The time after a divorce can allow you and your children to flourish. However, there may be signs that your co-parent is trying to manipulate your relationship with your children.
Learning about alienation and recognizing subtle signs of it can help you determine what to do next.
Sharing private information
According to Psychology Today, you may notice your co-parent talking to your children about private and mature details regarding the divorce. He or she may try to make the divorce seem like it was entirely your fault or even lie about what you said in the past.
This kind of manipulation can make your children nervous to talk to you as time goes on. It can also warp your children’s opinions about you to the point that they do not think you are a good person.
If your children are hiding invitations to school recitals or your co-parent always claims to forget to tell you about important dates and appointments for your children, then alienation may be happening. A co-parent that tells his or her children to not share important information is often trying to make it harder for you to participate in your children’s lives.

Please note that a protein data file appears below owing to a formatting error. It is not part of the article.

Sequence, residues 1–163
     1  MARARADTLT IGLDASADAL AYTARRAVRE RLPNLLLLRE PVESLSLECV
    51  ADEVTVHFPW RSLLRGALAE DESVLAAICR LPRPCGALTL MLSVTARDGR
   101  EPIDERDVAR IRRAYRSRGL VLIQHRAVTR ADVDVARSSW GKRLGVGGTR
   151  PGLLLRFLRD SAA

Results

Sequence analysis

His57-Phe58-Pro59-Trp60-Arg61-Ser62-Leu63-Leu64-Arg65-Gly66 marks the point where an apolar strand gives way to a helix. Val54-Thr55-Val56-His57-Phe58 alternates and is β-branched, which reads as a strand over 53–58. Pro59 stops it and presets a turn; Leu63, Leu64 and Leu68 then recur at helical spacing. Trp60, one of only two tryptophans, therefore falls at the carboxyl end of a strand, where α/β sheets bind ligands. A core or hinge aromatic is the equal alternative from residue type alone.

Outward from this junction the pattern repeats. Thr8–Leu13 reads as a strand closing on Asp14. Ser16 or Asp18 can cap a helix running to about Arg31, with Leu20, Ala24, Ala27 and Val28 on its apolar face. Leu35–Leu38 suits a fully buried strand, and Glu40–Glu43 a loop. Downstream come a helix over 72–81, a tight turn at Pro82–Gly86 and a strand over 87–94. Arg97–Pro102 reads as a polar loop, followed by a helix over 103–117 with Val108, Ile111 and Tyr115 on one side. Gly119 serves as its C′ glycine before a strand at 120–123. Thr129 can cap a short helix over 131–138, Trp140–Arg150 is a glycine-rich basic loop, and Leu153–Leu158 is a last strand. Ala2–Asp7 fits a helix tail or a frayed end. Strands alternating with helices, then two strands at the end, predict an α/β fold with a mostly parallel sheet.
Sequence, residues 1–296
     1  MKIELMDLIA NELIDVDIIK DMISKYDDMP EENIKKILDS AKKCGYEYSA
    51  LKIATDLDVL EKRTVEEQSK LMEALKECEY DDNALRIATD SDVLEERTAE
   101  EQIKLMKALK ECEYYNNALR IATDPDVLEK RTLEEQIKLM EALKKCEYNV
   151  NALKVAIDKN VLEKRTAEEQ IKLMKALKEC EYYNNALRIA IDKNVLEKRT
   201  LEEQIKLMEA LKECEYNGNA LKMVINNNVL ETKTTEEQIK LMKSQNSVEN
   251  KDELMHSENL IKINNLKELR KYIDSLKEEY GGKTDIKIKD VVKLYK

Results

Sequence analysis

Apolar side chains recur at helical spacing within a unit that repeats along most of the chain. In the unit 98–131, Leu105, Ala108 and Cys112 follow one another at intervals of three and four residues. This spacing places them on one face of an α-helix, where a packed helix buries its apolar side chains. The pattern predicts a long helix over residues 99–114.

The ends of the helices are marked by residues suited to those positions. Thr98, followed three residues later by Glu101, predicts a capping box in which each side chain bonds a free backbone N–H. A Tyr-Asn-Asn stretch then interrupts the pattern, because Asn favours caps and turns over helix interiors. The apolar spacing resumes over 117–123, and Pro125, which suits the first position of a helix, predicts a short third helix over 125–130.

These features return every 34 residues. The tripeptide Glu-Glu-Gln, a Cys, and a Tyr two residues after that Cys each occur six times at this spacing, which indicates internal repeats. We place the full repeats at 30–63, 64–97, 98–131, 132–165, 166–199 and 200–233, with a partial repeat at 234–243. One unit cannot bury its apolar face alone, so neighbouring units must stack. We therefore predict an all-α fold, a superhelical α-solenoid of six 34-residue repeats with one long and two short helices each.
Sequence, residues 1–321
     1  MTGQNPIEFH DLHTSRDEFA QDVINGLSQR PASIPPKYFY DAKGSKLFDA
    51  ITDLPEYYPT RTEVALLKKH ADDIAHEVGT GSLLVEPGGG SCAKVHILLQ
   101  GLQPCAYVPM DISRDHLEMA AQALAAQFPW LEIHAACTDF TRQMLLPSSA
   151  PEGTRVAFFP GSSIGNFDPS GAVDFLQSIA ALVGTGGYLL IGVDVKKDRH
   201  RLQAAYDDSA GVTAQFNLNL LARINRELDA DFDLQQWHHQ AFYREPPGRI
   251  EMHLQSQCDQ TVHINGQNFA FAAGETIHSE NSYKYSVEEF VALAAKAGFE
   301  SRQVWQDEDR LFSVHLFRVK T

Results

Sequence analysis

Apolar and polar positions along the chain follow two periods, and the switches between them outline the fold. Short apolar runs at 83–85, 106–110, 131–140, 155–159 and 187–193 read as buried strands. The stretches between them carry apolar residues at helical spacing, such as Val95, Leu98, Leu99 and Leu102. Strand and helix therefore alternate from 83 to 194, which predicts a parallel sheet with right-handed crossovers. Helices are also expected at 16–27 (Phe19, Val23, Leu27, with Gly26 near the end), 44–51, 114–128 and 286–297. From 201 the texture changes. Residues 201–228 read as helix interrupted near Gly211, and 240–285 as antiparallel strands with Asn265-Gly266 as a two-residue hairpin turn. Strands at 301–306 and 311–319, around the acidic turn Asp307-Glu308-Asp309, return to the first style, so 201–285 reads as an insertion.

Your co-parent may also pick up your children early during your scheduled time together or drop them off late.
Limiting communication methods
As time goes on, your co-parent may subtly limit the amount of time your children can talk with you. Whether that means taking away their phones and computers so they cannot message you online or preventing them from seeing you in person, it can lead to a strained relationship.
Thankfully, noticing this kind of manipulation can help you find ways to document and prove this alienation in order to make it stop.